Andrews' group, which is working closely with United for Peace and Justice (UFPJ), another major anti-war umbrella group, has planned a series of protests, including a Web-based campaign to push Congress to block Bush's plans for Iraq.
In addition to rallies and sit-ins, the campaign includes personal appeals and photos calling for legislators in Washington to reject Bush's strategy for Iraq and call for an end to the occupation.

Those participating in the Web-based campaign have already begun to download 'No' signs, with petitions urging Congress to exercise its powers of the purse to block any escalation of war in Iraq.

'It is unbelievable that after the voters and the Iraqis said they want and end to this war, Bush is going to escalate it,' said Leslie Cagan of UFPJ. 'He was wrong to begin the war and he is wrong to prolong it even one more day.'

Cagan called the Iraq war 'outrageous,' and demanded that Bush recall all U.S. troops from Iraq.

For his part, however, Bush has made clear that he not only intends to increase the size of the U.S.

Dems to Force Escalation Vote (well, sorta)

We agree! It certainly is the very least they could do.

They had better have a plan B, if this is Plan A!

We want this vote on a very official record, at the very least, for purposes that should be obvious, at this point in time to coin a phrase.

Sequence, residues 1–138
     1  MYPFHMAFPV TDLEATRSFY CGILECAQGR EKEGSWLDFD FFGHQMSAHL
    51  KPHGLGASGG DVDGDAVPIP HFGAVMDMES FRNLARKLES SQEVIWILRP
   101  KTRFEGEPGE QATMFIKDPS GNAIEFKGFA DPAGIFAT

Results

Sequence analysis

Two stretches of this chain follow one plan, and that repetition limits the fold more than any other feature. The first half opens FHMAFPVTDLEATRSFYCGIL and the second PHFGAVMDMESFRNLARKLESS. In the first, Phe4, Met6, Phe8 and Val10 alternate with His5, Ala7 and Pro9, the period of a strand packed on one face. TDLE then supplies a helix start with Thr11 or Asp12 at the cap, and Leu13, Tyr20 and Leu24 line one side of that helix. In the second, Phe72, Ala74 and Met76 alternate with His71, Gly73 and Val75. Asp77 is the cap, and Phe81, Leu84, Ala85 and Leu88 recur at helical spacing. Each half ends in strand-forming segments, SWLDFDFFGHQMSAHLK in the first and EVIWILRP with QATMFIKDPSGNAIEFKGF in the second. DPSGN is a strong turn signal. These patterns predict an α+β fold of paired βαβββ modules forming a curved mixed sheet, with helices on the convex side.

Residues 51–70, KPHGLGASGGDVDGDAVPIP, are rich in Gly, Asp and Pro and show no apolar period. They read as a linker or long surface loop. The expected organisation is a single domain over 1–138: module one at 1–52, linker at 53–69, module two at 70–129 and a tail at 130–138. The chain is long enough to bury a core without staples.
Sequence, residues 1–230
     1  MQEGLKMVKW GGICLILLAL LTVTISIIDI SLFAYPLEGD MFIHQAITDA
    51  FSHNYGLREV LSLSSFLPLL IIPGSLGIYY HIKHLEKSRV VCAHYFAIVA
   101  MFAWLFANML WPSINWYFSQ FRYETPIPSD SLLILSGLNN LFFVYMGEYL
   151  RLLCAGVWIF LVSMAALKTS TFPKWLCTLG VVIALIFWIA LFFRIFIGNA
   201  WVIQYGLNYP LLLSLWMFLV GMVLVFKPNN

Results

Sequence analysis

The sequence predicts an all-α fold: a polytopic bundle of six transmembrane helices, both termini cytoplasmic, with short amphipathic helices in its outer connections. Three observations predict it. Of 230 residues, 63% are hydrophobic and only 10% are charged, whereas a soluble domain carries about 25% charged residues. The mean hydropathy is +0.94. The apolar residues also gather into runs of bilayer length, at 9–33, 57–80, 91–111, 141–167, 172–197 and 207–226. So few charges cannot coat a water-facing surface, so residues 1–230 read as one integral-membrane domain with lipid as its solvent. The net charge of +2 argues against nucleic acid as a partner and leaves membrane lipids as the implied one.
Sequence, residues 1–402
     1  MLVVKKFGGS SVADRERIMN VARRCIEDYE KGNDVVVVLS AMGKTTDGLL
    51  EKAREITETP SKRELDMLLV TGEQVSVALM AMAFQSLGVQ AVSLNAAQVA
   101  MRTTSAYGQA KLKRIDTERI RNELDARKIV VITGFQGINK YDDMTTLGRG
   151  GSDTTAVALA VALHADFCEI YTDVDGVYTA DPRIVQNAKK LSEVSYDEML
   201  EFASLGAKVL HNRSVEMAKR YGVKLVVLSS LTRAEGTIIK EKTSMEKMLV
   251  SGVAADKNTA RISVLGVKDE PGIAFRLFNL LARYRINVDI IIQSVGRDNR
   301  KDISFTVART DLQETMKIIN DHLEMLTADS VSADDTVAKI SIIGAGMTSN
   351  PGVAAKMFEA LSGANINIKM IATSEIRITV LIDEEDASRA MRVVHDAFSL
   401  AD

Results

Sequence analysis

Truthdig - Ear to the Ground - Dems to Force Escalation Vote:

House and Senate Democrats are planning a symbolic vote on Bush’s escalation of the Iraq war, partially to force Republicans to take a stand on the issue. While they haven’t ruled out more aggressive—and meaningful—measures, the Dems agreed that demonstrating their opposition was the least they could do.

Ron Kovic: Surging Past the Tipping Point

Kovic is spot-on.

On with the year of building, massive protests: go local and federal.

It really is all about timing, and now is the time!

Truthdig - Interviews - Ron Kovic: Surging Past the Tipping Point:

By Joshua Scheer

In an interview with Truthdig research editor Joshua Scheer, Ron Kovic, author of “Born on the Fourth of July,” argues that Americans this week have a patriotic and generation-defining duty to speak out against Bush’s proposal to escalate the war in Iraq with more U.S. troops.

Truthdig: I understand you’re very incensed by Bush’s intention to escalate the Iraq war with a troop surge.

Kovic: Absolutely. This week is a very crucial turning point in the war. We’re being led in a very reckless and dangerous direction. I don’t want to see more men and women come home like me—in wheelchairs for the rest of their lives. How many more have to die in a war that makes no sense? I feel like I’m seeing the mirror image of another Vietnam unfolding all over again, and I think we have never needed to break that silence and begin to speak more than we do now.

Congress Has Repeatedly Placed Limits On Military Deployments And Funding